As has been observed here before, the newly renascent trend of augmenting a jazz group with a string section is a particularly welcome development – let’s hope more artists discover what Miles and Gil Evans knew decades ago. On this new album, saxophonist/composer/educator Jacam Manricks is the latest to utilize the approach, very innovatively and successfully. His inspirations come from all over – it’s obvious that he’s listened widely. With a forty-piece chamber orchestra featured on several of the tracks along with an inspired quintet including Manricks on saxes and flute, Jacob Sacks (of the excellent White Rocket) on piano, Ben Monder on guitar, Thomas Morgan on bass and Tyshawn Sorey on drums, the melodies here are strong, taking on an even greater intensity with the lushness of the arrangements.
On the cd’s opening cut, Portal, Sacks improvises upper-register rivulets as Manricks’ sax builds to a buoyant crescendo, the melody a variation on a Debussy theme. Microgravity begins gently, then the strings build over a martial beat evocative of Sketches of Spain (a motif that will recur even more evocatively later on). The orchestra swirls around behind a brightly reverberating Monder solo…and then a four-note pizzicato string motif echoes an earlier Manricks riff. Eerily ambient strings and sax end it on a suspenseful note. The title track builds on stately, sparse low-register piano intervals (fourths and seconds), much in the style of what Herbie Hancock and his contemporaries were doing in the late 60s, drums following and playing off the piano beat as Manricks adds balmy color.
The fourth track, Move has a pensive, tropical feel with acoustic guitar and soprano sax, down to an expressive, somewhat tense piano solo, Manricks maintaining the downcast intensity as the rhythm grows more complex. Cloisters, a somewhat epic number inspired by the popular uptown New York pre-Renaissance art museum/date spot and its lush, green surroundings, works around a bright, joyful theme – the bus has finally reached the end of the line, yay! With Aeronautics, the piano feels around as Manricks establishes the mood, glimmering quietly, through a Monder solo and then some of Manricks’ most poignant work here. March and Combat begins as an overt Sketches of Spain homage, its second half a pulsing Ravel Bolero-inspired chart. Aptly titled, the album’s concluding cut, Rothko is a hypnotic, static tone poem. This album is both cutting-edge and memorably tuneful – these are songs that will run through your head as you walk down the street. Watch this space for upcoming live dates.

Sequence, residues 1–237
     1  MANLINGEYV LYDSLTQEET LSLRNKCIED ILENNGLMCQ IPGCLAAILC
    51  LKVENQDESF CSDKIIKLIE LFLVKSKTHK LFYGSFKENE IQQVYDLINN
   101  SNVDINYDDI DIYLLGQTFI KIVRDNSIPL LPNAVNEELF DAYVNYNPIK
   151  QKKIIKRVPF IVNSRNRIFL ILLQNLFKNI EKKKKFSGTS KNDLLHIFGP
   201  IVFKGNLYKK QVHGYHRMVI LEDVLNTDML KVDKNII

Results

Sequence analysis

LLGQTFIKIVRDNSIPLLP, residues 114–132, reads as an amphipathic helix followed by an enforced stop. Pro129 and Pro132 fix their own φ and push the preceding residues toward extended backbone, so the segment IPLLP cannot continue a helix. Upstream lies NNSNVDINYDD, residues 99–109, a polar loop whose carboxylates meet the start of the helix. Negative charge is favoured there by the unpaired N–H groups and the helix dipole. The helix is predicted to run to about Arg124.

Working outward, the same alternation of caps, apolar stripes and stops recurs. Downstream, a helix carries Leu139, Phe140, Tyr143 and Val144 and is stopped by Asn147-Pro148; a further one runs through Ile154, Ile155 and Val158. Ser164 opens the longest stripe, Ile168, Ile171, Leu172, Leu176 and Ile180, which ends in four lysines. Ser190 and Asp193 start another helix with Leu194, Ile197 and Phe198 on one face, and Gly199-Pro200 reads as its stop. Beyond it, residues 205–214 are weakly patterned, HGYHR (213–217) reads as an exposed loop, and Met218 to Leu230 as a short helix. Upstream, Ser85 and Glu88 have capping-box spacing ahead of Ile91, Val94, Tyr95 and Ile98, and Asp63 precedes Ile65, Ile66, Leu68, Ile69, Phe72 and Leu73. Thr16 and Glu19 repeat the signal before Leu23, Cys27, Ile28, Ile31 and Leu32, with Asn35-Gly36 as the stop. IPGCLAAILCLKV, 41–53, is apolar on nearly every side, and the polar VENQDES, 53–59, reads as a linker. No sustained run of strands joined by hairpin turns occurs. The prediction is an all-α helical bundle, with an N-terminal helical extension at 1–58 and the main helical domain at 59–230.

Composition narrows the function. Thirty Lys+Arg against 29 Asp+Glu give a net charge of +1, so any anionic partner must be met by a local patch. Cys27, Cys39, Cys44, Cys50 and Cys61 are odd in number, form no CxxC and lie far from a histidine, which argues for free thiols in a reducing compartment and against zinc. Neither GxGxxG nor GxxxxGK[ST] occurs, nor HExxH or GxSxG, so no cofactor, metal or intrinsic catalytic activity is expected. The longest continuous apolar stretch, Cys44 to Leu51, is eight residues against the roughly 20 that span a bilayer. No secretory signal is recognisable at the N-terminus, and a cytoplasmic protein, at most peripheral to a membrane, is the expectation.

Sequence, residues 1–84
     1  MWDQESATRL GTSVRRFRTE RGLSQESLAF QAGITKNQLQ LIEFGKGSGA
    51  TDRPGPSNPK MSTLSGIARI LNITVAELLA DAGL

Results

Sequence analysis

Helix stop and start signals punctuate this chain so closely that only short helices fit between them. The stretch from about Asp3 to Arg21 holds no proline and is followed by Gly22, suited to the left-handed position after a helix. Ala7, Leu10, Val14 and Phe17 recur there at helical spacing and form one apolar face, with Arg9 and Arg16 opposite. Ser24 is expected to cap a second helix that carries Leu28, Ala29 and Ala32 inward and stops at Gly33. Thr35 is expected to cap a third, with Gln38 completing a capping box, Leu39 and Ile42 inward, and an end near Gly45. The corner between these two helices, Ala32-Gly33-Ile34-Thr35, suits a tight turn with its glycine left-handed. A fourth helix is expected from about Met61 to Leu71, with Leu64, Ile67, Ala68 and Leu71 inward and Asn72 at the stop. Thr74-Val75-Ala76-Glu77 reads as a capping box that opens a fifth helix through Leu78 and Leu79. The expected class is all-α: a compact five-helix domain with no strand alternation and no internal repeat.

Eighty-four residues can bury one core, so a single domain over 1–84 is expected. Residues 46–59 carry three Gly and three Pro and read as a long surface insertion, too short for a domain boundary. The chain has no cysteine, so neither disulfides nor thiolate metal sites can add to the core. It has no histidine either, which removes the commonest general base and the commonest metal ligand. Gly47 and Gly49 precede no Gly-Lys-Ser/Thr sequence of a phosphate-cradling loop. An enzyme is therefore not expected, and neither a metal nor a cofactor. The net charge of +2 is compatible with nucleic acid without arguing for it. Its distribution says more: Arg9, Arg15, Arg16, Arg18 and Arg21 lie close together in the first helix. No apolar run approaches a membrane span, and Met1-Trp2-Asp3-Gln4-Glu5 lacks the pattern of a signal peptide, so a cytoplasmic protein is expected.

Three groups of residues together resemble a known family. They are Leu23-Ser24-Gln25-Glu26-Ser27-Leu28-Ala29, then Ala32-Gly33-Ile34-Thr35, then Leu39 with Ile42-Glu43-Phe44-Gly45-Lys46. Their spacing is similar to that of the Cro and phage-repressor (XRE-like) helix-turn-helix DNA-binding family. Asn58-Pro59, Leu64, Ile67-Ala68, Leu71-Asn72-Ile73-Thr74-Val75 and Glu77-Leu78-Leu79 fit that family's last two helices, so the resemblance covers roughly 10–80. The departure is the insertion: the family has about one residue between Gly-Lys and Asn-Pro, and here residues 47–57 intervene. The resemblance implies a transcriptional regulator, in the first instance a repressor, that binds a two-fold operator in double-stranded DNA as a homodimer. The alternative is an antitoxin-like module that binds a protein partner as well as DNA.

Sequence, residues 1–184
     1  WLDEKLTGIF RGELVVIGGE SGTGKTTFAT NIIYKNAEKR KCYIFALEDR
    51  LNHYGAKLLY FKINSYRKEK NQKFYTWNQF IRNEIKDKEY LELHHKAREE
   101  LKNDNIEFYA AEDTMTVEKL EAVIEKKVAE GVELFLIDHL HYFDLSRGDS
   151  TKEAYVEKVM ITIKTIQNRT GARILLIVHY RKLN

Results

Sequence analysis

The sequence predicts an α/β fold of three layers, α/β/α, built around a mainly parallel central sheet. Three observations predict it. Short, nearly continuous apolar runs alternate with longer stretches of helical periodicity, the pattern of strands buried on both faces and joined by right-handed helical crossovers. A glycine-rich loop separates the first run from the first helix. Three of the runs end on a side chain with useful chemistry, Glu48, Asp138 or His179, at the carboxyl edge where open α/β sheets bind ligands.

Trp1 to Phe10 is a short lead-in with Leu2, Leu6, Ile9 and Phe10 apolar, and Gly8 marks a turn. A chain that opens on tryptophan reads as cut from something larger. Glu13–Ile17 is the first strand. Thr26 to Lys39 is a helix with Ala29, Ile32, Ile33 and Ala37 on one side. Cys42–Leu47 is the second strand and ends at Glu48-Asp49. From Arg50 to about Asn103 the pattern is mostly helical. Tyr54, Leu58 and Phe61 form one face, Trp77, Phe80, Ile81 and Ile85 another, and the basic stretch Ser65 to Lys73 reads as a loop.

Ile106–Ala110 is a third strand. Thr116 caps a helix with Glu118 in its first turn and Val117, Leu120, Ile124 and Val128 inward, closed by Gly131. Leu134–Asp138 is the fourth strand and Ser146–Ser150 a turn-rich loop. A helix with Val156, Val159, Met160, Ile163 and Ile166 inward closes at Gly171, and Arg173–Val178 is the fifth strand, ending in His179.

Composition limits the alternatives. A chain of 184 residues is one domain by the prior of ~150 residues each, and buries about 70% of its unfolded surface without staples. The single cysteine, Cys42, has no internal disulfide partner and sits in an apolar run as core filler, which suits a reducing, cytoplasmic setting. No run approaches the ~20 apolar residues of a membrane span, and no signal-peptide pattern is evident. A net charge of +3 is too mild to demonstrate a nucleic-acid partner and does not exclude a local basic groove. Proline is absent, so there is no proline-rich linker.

Jacam Manricks has a fluid, fluent approach to the alto sax, but it’s his compositions which are his drawing card – and which may absolutely blow you away. Playing a mix of material mostly from his new cd Labyrinth – recorded with a 40-piece orchestra – the Australian-American composer and his quintet locked in on the songs’ intricate, often epic permutations with intensity and nuance. The bass and drums maintained a sinuous, practically minimalist pulse throughout some awfully tricky changes while pianist Gary Versace colored them with characteristic vividness and frequently outright menace. Perhaps because this was a five-piece playing big band music, the integral nature of the arrangements was especially striking, guitarist Ben Monder completing unfinished piano chords, or Versace doing the same in tandem with the guitar. Sometimes Manricks would do the same in tandem with the bass. Intelligence and imagination lept from the charts with agility and sometimes a wary apprehension.
Aeronautics, a bit of a latin shuffle with sustained, understated, reflective guitar saw Manricks taking a series of fluttery runs through shifting sections of the scale, Versace feeling around for his footing and eventually finding it, rich and ominous. The modal suite Microgravity was a full-scale masterpiece (one can only imagine how lush it sounds with the orchestra on the cd). Manricks opened it brightly, then bass and piano teaming up against guitar and sax, Monder hypnotic and eerie throughout a long series of quavery, reverberating chordal passages that recurred at the end, Versace practically microtonal with his starry, glimmering upper-register work. The cd’s title track, built on a richly melodic, interlocking architecture featured a playful conversation between Versace and the drums. They closed their second set with a new composition, simply titled 2-3-2 with a bouncy, staggered vintage Cuban beat, Manricks warily expansive over some Balkan-inflected changes to an insistent, intensely pulsing crescendo. One can only wonder where someone like Ivo Papasov could take that song. A jazz educator, Manricks doesn’t get the chance to play out as much as he no doubt would like to: if cutting-edge, out-of-the-box stuff is your thing, don’t miss the chance to see him.